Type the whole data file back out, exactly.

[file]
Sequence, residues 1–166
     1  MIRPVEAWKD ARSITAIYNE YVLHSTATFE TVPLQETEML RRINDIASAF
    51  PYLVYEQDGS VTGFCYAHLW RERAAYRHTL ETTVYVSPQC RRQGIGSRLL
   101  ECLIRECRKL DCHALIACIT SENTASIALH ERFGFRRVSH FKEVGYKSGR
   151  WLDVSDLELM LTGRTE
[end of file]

Sequence, residues 1–166
     1  MIRPVEAWKD ARSITAIYNE YVLHSTATFE TVPLQETEML RRINDIASAF
    51  PYLVYEQDGS VTGFCYAHLW RERAAYRHTL ETTVYVSPQC RRQGIGSRLL
   101  ECLIRECRKL DCHALIACIT SENTASIALH ERFGFRRVSH FKEVGYKSGR
   151  WLDVSDLELM LTGRTE